You don't know panic until your Midwestern ass has to cross a rapid flowing creek. Twice! (and again on the way back but I'll get to that) We made our way by stepping on slippery rocks while the cold water rushed quickly around our ankles. My anxiety ridden mind imagined slipping and falling all the way down the mountain, something along the line of 3000 feet. *insert wide eyed emoji here*
Once we reached the top we were well above the treeline and clouds. We could look out over the mountains and trails we just accomplished. Here at the top we could see all of Crow Creek but now we could also see Eagle Lake up on top of the mountain. The water was crystal clear and had a bluish white tint to it making it look cold and delicious. It was snowing and windy as hell. We kept on trudging further on so we could see Raven Glacier. This was the first of many glaciers we were going to see on this trip.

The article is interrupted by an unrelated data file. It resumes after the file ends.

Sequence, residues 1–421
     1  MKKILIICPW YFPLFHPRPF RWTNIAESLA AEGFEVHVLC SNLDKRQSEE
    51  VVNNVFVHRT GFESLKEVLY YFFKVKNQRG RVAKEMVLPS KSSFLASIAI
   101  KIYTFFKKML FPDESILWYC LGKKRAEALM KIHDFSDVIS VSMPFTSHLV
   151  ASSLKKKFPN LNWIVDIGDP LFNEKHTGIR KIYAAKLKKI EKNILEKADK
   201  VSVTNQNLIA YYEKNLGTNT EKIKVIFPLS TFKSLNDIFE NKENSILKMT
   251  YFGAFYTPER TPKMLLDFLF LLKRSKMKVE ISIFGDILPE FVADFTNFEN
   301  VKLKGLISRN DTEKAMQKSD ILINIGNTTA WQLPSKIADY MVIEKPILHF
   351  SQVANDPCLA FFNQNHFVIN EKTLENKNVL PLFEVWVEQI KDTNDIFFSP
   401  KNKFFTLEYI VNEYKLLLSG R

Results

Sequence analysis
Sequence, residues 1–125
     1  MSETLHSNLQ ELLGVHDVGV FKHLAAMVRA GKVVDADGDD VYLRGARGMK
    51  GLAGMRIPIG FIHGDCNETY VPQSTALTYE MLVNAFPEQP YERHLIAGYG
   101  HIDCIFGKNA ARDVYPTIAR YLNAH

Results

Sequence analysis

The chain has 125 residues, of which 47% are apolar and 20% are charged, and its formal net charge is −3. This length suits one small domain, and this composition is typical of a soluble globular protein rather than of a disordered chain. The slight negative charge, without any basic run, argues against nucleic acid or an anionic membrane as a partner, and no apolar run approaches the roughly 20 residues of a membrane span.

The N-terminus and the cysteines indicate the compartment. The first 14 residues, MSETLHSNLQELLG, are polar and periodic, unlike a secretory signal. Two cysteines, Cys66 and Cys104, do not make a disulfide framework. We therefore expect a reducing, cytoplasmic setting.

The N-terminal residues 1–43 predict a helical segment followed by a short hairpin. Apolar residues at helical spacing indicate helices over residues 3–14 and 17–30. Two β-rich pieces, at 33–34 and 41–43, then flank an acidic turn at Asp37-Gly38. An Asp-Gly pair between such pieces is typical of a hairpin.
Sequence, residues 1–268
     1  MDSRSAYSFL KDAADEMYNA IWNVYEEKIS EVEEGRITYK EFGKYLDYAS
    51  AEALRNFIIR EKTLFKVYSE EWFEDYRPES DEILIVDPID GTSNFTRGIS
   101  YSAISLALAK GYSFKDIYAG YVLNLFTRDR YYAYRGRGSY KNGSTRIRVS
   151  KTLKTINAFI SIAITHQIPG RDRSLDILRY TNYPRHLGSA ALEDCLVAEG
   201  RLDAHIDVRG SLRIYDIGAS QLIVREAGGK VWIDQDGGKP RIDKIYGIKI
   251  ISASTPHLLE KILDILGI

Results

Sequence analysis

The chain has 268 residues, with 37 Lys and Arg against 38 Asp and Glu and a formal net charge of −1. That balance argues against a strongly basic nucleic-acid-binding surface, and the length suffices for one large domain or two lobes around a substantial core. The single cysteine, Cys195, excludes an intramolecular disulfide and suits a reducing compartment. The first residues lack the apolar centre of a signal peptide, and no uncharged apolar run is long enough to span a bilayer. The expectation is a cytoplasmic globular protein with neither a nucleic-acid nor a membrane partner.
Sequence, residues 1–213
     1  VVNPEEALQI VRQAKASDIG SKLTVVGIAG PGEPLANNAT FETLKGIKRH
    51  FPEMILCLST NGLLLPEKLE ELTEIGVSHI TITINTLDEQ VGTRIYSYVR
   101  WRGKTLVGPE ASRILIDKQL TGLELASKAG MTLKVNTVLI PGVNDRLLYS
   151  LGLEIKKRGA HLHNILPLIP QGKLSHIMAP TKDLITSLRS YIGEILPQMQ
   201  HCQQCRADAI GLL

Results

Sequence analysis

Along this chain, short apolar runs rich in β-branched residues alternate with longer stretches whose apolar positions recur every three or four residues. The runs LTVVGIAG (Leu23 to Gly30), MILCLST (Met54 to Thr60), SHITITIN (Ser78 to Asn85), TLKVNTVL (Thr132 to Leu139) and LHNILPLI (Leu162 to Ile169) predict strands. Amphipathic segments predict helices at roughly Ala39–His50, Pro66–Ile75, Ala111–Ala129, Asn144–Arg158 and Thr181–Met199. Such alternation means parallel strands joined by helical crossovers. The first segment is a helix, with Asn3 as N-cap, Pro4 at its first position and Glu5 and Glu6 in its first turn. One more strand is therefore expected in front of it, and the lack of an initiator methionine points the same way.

We came, we saw, we were 3500 feet up in the sky. After taking it all in we high-fived and started our venture back down. If we were more prepared we could've continued the 24 mile hike that would've taken another day and required us to camp out overnight. One day we will go back and do this! But for now, I'm going to appreciate the 15 miles that we did that day.